Stamp Duty Land Tax on Commercial Property
Katy Williams

Stamp Duty Land Tax on Commercial Property

Stamp duty land tax liability needs to be considered by anyone acquiring a freehold or leasehold interest in a commercial property.

Currently stamp duty land tax for commercial property is payable at the following rates:

  • 0% - up to £150,000 of the purchase price
  • 2% -  on the next £100,000 (the portion from £150,001 to £250,000) of the purchase price; and then
  • 5% -  on the remaining balance of the purchase price over £250,000.

Therefore, by way of example, stamp duty liability for the purchase of a commercial freehold property valued at £500,000 would be £14,500 calculated as follows:

  • first £150k - 0%;
  • next £100k - 2% (£2,000);
  • and the remaining £250,000 balance -  5% (£12,500).

When acquiring a new commercial lease a different calculation is used to assess stamp duty land tax liability based on:

  1. the premium payable; and/or
  2. the value of the annual rent payable over the term of the lease, known as the net present value (NPV).

Where both a premium and rent are payable then the stamp duty land tax liability for each sum payable under a) and b) is calculated and then added together.

Stamp duty land tax on a lease premium is calculated on the same basis as shown above for a commercial freehold property purchase. However, stamp duty land tax on a lease rent / NPV is instead calculated using an online formulaic calculation assessed on the value of the annual rent over the first five years of the lease term. An online calculator is available on the government’s stamp duty land tax website.

Where a lease is granted for more than 5 years and/or based on a rent calculated on turnover then a further stamp duty land tax submission may need to be made after the 5th year of the term should there be any increase in rent and so in such circumstances it is advised that you instruct an accountant / financial adviser to deal with any future return that will need to be made to the Inland Revenue.

It is important to remember that stamp duty land tax is payable on any VAT element of the price/premium or rent and if more than one property is acquired as part of a global arrangement then the Inland Revenue may consider this to be a linked-transaction in which case stamp duty land tax is payable on the value of all of the properties combined rather than on each individual property value.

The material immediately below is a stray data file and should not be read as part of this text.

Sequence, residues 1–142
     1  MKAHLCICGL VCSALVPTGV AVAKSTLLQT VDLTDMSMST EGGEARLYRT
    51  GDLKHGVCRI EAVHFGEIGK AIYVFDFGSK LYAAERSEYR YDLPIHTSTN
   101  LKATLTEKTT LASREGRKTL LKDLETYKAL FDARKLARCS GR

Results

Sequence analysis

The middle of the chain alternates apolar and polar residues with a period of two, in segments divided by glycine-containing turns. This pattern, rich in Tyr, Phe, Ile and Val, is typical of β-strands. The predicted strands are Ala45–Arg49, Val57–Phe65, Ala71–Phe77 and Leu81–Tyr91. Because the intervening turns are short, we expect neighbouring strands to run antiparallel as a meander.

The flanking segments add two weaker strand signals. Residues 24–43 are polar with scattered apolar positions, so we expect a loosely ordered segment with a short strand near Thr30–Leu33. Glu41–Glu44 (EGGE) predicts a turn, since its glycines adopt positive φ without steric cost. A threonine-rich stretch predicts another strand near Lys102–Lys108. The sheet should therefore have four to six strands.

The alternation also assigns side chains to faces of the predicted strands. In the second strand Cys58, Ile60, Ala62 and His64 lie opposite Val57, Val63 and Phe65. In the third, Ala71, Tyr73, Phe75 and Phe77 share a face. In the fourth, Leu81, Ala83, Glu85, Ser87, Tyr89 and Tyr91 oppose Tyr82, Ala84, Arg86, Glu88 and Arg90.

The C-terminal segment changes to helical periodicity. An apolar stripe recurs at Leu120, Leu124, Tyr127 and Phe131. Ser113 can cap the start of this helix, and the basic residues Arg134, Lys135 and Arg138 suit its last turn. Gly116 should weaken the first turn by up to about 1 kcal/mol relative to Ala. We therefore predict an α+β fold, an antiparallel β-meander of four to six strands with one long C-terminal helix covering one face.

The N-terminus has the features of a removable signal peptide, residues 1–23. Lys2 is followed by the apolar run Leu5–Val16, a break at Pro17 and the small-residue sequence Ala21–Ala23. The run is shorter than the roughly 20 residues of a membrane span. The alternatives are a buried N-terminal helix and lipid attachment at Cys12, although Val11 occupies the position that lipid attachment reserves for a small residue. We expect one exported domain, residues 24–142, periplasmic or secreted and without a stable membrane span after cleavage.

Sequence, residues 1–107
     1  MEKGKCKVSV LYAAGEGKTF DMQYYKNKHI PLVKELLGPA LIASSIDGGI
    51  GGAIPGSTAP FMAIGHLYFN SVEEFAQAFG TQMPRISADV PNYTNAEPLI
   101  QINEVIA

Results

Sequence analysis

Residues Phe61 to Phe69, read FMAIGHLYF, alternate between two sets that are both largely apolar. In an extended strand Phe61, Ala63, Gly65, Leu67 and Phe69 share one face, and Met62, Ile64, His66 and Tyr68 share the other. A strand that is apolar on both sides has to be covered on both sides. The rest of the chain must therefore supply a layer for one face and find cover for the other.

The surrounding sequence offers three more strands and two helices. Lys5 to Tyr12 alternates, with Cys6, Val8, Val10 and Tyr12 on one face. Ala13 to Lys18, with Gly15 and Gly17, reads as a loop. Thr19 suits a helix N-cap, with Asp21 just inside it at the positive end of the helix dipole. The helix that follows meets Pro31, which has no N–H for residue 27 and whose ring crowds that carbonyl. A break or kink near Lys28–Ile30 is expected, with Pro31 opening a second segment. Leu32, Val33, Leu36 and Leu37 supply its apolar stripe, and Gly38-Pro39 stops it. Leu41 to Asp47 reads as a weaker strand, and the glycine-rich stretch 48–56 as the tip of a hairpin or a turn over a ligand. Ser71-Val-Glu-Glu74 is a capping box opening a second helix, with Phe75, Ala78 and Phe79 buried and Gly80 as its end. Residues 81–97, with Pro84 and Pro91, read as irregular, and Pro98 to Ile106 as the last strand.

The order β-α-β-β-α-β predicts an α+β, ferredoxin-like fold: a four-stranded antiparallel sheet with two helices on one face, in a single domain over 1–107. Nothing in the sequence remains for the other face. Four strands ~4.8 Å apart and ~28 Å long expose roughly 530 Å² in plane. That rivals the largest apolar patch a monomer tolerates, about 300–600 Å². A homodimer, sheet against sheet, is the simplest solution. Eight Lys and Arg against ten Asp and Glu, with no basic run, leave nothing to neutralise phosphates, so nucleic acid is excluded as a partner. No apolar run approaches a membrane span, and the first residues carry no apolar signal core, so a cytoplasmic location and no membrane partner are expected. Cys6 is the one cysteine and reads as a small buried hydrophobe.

The deadline for submitting a stamp duty land tax form (together with any payment due) to the Inland Revenue is within 14 days of the “effective date” being either the date of completion or if earlier the date that “substantial performance” of the transaction has taken place (“the filing date”). There is no clear definition of what constitutes substantial performance but early or continued occupation (under a lease) could both qualify. Therefore the parties should always consider carefully the implications of early access being granted to a property and/or back dating any lease commencement date.

A late filing penalty of £100 will be incurred if the stamp duty land tax submission is made within 3 months after the filing date, which increases to £200 if the submission is made more than 3 months after the filing date. A further penalty of 10% of the stamp duty land tax due (capped at £300) is payable if the stamp duty land tax submission is not made 12 months after the filing date, increasing to 20% for any further delay up to 24 months and 30% for a delay over 24 months. Additional interest will also be payable on any late payment based on the amount owned.

At Neves we will assist you in navigating your way through the complexities of commercial property transactions and recommend that you take specialist tax advice from an accountant or financial adviser at the early stages of any transaction so that you are fully aware of any stamp duty land tax liabilities from the out-set.

Contact our specialist Commercial Property team by calling 0330 0945 500, emailing or by complete our Online Contact Form and we'll get back to you.